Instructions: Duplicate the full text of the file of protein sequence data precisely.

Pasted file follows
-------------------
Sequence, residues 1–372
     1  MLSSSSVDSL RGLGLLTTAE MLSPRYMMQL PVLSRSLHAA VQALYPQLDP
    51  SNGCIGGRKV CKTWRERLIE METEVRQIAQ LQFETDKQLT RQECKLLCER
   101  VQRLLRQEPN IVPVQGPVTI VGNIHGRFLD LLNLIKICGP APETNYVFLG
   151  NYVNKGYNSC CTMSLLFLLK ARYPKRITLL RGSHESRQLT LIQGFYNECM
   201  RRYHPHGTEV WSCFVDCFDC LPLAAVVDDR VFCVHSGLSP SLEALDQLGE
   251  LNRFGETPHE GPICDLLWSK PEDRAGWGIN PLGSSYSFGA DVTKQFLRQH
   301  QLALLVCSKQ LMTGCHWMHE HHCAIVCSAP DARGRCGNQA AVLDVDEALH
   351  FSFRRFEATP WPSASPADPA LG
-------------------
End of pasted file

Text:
Sequence, residues 1–372
     1  MLSSSSVDSL RGLGLLTTAE MLSPRYMMQL PVLSRSLHAA VQALYPQLDP
    51  SNGCIGGRKV CKTWRERLIE METEVRQIAQ LQFETDKQLT RQECKLLCER
   101  VQRLLRQEPN IVPVQGPVTI VGNIHGRFLD LLNLIKICGP APETNYVFLG
   151  NYVNKGYNSC CTMSLLFLLK ARYPKRITLL RGSHESRQLT LIQGFYNECM
   201  RRYHPHGTEV WSCFVDCFDC LPLAAVVDDR VFCVHSGLSP SLEALDQLGE
   251  LNRFGETPHE GPICDLLWSK PEDRAGWGIN PLGSSYSFGA DVTKQFLRQH
   301  QLALLVCSKQ LMTGCHWMHE HHCAIVCSAP DARGRCGNQA AVLDVDEALH
   351  FSFRRFEATP WPSASPADPA LG